NO HASSLE RETURNS : If there are any problems with your order, please email me and I will resolve the issue promptly. Other than for shipping damage on an uninsured item, you may return the item within 7 days of shipping and I will refund your money. You are responsible for the return shipping costs.

FEEDBACK :100% Customer satisfaction is my goal. If for any reason you feel inclined not to leave positive feedback (or 5 star ratings across the board), please email me and I will do my best to change your mind. I will leave feedback for you when I am assured that your item was received and you are completely satisfied.

Contrast with this fellow who had 60 auctions running of low end bottles but had bids on only one of them.  This seller had a good feedback rating but no one was biting. 

I have many bottles to auction in the coming future, so please follow my listings. I am eager to develop positive feedback, so please email me if you have any questions. I am putting my best condition bottles out first. Sorry, I am not taking returns at this time. Will take extra care packaging. Happy bidding!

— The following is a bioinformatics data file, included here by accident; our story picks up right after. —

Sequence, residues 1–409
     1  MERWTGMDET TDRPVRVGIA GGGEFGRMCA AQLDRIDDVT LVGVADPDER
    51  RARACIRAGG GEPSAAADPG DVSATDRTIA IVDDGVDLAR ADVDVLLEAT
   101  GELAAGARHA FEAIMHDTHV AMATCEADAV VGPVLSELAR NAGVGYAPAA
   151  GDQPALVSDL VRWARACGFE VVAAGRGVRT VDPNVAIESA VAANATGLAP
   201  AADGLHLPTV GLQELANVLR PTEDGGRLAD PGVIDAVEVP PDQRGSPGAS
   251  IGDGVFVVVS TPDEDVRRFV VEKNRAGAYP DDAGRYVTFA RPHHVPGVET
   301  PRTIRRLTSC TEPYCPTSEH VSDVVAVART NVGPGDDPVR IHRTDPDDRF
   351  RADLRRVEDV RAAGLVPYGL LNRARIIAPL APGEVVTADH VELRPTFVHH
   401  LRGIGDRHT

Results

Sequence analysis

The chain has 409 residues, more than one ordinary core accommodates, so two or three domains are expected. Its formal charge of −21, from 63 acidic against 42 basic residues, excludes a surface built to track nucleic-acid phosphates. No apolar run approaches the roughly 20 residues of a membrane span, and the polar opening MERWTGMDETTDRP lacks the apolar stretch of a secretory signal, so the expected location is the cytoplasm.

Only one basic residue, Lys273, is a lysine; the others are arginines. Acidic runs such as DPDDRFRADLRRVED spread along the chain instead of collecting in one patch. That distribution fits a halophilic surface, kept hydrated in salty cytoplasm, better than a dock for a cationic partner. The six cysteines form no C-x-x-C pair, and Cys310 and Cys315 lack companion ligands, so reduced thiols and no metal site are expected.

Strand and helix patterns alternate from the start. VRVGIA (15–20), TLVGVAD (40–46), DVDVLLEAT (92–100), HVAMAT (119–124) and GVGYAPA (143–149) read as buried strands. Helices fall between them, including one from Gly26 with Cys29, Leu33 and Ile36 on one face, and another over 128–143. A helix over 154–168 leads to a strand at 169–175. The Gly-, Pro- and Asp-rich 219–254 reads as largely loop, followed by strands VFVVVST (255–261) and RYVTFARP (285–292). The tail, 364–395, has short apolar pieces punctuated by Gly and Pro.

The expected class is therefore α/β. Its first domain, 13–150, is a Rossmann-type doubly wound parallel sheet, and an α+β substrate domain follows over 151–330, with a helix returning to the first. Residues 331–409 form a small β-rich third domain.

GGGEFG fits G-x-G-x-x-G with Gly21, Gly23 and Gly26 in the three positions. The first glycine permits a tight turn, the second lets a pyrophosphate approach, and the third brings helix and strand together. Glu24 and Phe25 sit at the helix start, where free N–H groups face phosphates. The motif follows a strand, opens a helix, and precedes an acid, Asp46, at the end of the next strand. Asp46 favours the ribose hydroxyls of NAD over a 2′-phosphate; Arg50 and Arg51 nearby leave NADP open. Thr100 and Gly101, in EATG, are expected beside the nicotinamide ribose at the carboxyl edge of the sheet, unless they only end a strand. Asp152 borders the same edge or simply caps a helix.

In neither case, do I think these sellers were rips-offs but as a buyer, I'd certainly prefer one over the other. It is important to reading and understand what the buyer is telling you.  If you have any doubt. DON'T BID.

Sometimes sellers charge more for "postage and handling than is reasonable.  Personally, I do charge a small amount over the postage cost because there are costs beyond postage that are not reflected in the selling price. The last bottle I bought, I paid $22.00 for and paid $11.00 in postage. Ordinarily, I would be annoyed, but I set my maximum bid with this in mind and so, paid a very reasonable purchase price even with the $11.00. My solution is just to bid less.

Avoiding getting ripped off on eBay is relatively easy I won't say that it can't happen to you but if you follow the suggestions above and you read eBay's policies and suggestions on avoiding being ripped off you should be able to buy and sell your bottles without incident. Sadly, if you do get ripped off, you might not get your money back or receive justice so it makes sense to me to take all the care up front.